How many pounds of feed for a flock of 25 in a week?

Discussion in 'Feeding & Watering Your Flock' started by klevesque, Sep 15, 2009.

  1. klevesque

    klevesque Chillin' With My Peeps

    132
    0
    109
    Sep 11, 2009
    Poland, ME
    Hubby thinks that my new chicken adventure will cost more than we can affort.

    Our chicks are due to arrive next week.

    How many pounds will 25 of them go thru in a week?

    We are getting Austalorps, BO, NHR, BR, and Red sex links.
     
    Last edited: Sep 15, 2009
  2. bigredfeather

    bigredfeather Chillin' With My Peeps

    2,194
    28
    211
    Oct 1, 2008
    Yorkshire, Ohio
    I would guess by the time they are 20 weeks, you would go thru 70-80 pounds per week, maybe a little more. If you compare that to the number of eggs you're going to get, it won't be too bad. You should get almost 10 dozen eggs per week most of the year. It's hard to guess how much they'll go thru as chicks. Mine typically waste as much as they eat.
     
    Last edited: Sep 15, 2009
  3. horsejody

    horsejody Squeaky Wheel

    6,923
    24
    271
    Feb 11, 2008
    Waterloo, Nebraska
    It also depends on if you free range or not. A chicken can do a pretty good supplementing its feed by foraging. They also like table scraps.
     
    Last edited: Sep 15, 2009
  4. digitS'

    digitS' Chillin' With My Peeps

    2,119
    17
    201
    Dec 12, 2007
    ID/WA border
    Of course you know, klevesque, that their feed consumption will change as they grow.

    The poultry industry is very interested in your question since feed is a major cost to them. But, they aren't feeding Buff Orpingtons . . . altho' some of your others may still be found in commercial operations, somewhere.

    Leghorn-type pullets probably don't eat one-half of what your Orpington will eat.

    Okay, out with your calculator [​IMG]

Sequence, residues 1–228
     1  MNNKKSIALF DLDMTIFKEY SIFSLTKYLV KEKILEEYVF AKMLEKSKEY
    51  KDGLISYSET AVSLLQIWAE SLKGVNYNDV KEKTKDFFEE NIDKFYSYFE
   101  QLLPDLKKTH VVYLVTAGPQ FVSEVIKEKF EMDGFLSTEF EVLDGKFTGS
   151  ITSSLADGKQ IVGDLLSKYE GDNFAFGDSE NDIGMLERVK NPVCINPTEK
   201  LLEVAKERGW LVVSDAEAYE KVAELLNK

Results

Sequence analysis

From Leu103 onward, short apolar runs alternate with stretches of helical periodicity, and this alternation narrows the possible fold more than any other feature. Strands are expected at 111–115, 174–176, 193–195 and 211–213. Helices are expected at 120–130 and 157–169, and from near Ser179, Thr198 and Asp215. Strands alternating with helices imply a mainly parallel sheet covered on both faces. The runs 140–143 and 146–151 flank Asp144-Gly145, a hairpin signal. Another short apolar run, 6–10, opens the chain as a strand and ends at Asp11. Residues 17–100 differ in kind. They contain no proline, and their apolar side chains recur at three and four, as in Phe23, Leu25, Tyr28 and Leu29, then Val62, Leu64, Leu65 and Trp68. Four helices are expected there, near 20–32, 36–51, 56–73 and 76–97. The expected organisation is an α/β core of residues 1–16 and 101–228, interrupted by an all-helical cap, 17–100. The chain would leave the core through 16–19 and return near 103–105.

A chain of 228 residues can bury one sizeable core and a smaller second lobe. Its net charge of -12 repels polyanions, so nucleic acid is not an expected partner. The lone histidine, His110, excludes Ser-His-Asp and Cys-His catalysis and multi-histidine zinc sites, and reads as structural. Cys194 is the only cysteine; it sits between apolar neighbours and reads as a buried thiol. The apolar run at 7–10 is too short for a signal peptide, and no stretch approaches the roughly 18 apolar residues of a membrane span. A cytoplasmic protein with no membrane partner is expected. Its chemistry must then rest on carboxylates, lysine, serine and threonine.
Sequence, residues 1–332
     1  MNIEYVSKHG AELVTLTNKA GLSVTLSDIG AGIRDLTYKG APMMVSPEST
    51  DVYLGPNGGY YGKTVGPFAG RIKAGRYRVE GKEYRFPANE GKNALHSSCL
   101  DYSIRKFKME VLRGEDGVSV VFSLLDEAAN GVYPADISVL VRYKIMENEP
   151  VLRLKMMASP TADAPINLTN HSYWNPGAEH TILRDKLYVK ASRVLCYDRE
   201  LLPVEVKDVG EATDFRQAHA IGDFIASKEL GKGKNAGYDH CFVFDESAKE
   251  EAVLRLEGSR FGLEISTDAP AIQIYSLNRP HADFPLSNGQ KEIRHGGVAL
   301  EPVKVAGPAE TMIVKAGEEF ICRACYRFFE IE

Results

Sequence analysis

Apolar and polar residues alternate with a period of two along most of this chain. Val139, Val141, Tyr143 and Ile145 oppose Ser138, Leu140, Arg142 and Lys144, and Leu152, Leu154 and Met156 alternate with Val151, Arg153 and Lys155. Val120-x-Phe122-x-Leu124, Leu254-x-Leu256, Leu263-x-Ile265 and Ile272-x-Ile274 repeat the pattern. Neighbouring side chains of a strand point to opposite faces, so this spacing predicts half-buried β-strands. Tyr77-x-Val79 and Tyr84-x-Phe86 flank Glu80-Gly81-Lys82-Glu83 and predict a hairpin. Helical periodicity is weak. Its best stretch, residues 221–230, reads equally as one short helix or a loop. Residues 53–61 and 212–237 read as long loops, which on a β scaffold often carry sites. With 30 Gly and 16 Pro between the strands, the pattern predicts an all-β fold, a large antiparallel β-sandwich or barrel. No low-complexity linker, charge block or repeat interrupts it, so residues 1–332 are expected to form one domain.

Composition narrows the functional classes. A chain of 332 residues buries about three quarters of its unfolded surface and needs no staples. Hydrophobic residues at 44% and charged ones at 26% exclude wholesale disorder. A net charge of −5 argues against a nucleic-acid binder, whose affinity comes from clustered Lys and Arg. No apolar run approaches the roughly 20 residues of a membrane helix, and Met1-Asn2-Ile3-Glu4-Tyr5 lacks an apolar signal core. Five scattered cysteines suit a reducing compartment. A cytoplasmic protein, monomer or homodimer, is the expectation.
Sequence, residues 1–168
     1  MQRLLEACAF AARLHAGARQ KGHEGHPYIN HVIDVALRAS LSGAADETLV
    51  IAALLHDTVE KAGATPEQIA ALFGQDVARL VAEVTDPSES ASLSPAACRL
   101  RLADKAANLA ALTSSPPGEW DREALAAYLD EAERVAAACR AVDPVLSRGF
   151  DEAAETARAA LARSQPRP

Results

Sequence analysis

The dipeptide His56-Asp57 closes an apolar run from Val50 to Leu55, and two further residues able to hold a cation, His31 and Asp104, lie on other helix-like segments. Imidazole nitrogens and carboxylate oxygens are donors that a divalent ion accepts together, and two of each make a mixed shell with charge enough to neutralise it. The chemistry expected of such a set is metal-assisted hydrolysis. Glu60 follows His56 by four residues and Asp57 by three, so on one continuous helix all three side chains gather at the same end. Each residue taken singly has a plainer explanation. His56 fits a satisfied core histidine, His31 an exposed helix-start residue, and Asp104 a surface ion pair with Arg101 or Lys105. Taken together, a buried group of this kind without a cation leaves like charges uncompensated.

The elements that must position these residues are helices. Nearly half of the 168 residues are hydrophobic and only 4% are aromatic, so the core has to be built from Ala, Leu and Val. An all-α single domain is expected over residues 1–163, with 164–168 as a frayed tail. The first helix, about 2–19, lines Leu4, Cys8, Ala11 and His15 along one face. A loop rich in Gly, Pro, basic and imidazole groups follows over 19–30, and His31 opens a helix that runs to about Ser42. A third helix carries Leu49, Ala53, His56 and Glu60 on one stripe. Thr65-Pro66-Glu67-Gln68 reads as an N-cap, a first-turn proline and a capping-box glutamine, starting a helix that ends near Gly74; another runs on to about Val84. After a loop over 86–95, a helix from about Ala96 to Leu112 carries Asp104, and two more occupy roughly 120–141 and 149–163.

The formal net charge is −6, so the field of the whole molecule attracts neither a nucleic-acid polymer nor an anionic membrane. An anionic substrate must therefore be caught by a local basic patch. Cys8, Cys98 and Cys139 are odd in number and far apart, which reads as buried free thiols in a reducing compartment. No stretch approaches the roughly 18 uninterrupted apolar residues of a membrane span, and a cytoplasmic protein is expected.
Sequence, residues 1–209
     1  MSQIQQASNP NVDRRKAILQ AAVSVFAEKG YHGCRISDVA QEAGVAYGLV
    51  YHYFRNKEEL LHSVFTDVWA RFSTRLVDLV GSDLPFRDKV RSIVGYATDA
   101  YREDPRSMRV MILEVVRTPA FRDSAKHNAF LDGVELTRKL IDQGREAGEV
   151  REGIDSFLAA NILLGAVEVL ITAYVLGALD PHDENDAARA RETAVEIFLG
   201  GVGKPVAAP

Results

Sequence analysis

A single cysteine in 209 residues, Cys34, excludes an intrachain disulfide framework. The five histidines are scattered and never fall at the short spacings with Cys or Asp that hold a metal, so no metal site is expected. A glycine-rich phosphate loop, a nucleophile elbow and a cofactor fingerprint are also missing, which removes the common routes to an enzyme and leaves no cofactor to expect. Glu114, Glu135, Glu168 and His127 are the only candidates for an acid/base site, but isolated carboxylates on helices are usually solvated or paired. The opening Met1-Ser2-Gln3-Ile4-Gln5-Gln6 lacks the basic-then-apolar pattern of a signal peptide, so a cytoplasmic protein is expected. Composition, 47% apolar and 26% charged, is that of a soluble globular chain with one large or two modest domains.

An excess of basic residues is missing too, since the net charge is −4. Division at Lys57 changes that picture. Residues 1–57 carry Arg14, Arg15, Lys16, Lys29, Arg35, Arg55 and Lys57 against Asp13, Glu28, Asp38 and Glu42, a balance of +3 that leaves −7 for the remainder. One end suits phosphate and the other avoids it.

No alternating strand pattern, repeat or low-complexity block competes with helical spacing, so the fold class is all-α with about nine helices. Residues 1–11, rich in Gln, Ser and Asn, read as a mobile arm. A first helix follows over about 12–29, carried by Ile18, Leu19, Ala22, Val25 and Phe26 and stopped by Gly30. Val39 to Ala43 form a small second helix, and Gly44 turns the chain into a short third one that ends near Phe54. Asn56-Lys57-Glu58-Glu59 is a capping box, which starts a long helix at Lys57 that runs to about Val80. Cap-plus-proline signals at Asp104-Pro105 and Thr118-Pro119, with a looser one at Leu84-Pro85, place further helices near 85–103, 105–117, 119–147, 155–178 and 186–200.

Table 3, Body weights and feed requirements of leghorn-type pullets and hens

    And if you need to convert the numbers to pounds:

    Grams to Pounds Conversion Calculator

    Steve
     
  5. klevesque

    klevesque Chillin' With My Peeps

    132
    0
    109
    Sep 11, 2009
    Poland, ME
    So they eat a lot! They won't be able to free range until the spring since I am in Maine and my babies will be too little to take outside this winter.

    I guess I better break the news to hubby that will be spending a lot on feed this winter.

    Does roughly $25-30 a week sound right?
     
  6. TinyBirds

    TinyBirds Chillin' With My Peeps

    777
    70
    181
    Jul 9, 2009
    Texas
    I'm not an expert by any means, but I think when they're little they probably won't eat more than a bag per week (here that's around $13), and once they're older, you can probably get by w/ feeding them mixed whole-grains (around $8/ 50lb-bag) and if there aren't enough bugs/grass around, then supplement w/ fish-meal around 3 lbs per week. Old farmers used to give them meat and fish scraps instead, but I don't know if that needs to be ground up somehow or if they can just eat it as-is. Or if you have a place to store food (where rats can't get it) then you could probably call the nearest mill and order wholesale in bulk for the winter, but then the cost would be up-front rather than spread out each week.
     
  7. thekla

    thekla Chillin' With My Peeps